As the success of the cochlear implantation depends on both neuro-plasticity and postoperative therapies, investigating the affect of music therapies in auditory comprehension in conjunction with the therapies’ affect on the brain will be an important step toward understanding the best postoperative procedures. The studies discussed above are the first, small steps toward improvements in treatment of individuals with cochlear implants. 

            The ability to communicate effectively is a vital part of social integration and thus, quality of life.  Cochlear implants provide one step towards helping some hearing impaired individuals communicate with the hearing community.  However, quality of life is still greatly reduced when an individual is unable to express or understand emotional subtext.  In worst possible case, the inability of cochlear implant users to understand prosody could lead to a complete lack of communication, making full social integration extremely difficult. 
In some cases, music therapy is already being used to supplement the natural learning process that occurs after an individual receives a cochlear implant.  However, further research will need to demonstrate its objective value if funding is to be secured in the future.  If preliminary findings suggest music could improve the communicative function of cochlear implant users, further research may be able to develop the understanding of the link between speech and music.  Most importantly, further research may better equip caregivers and therapists to help their clients attain the best possible quality of life.
            If certain pitch contours are associated with specific emotions in each language, could musical training focusing on associating those intervals with each emotion benefit post-operative therapy? Perhaps there are musical genres or composers that innately used those prosodic pitch forms in their music to communicate emotion. Does the use of these forms contribute to how our emotions are affected by music?  Not only would further research in this area benefit cochlear implant users, but it would also provide significant insight for understanding music.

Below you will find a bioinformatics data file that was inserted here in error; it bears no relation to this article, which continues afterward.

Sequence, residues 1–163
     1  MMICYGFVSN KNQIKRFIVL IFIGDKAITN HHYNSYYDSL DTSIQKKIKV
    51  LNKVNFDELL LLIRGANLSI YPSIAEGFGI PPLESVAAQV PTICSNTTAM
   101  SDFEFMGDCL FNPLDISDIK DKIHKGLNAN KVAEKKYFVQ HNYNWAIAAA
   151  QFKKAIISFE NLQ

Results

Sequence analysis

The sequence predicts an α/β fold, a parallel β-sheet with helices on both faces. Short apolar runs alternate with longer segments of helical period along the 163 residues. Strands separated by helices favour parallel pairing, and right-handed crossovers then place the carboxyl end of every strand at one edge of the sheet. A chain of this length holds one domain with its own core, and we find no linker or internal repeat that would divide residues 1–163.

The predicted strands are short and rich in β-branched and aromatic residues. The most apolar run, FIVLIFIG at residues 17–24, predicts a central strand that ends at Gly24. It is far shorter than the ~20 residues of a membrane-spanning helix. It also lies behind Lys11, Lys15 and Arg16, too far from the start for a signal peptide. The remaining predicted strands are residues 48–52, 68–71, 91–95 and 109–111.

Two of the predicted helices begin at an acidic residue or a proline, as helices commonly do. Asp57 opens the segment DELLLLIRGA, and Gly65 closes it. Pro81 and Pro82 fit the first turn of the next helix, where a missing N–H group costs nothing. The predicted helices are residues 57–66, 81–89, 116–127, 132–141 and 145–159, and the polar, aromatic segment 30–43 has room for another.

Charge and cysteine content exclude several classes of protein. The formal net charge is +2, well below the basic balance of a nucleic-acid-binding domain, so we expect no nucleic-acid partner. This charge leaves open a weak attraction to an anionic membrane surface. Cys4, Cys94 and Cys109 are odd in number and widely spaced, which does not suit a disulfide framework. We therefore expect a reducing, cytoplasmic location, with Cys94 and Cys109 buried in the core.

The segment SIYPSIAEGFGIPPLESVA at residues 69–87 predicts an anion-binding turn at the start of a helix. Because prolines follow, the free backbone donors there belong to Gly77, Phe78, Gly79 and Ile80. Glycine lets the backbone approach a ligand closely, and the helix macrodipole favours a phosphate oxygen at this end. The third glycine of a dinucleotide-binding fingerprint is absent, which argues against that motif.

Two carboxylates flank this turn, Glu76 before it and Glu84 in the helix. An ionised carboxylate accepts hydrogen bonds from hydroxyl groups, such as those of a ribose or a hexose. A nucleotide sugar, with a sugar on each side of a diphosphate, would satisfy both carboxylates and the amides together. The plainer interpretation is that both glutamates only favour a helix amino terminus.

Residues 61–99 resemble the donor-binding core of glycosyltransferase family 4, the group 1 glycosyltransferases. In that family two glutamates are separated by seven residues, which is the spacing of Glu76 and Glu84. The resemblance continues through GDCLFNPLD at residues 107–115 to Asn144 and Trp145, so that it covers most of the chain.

Works Cited:

MacDonald, Lorna, Taylor Hopyan, and Karen Gordon. "Cochlear Implant Singing Study." The International Symposium on Performance Science Proceedings (2011). Print.

Nakata, Takayuki, Sandra E. Trehub, and Yukihiko Kanda. "Effect of cochlear implants on children's perception and production of speech prosody." Journal of the Acoustical Society of America 131.2 (2010): 1307-14. Web. 13 Nov. 2012.

Peterson, Bjorn, Malene V. Mortensen, Albert Gjedde, and Peter Vusst. "Reestablishing Speech Understanding through Musical Ear Training after Cochlear Implantation: A Study of the Potential Cortical Plasticity in the Brain." The Neurosciences and Music 1169 (2009): 437-40. Web. 13 Nov. 2012. <>.

Torppa, Rivta, Miika Järvenpää , Minna Huotilainen, Andrew Faulkner and Martti Vainio. "Music related speech perception abilities in children with cochlear implant devices; does music involvement affect other auditory domains?" Frontiers Neuroscience Conference Abstract: Tuning the Brain for Music (2009). Web. 13 Nov. 2012. <>.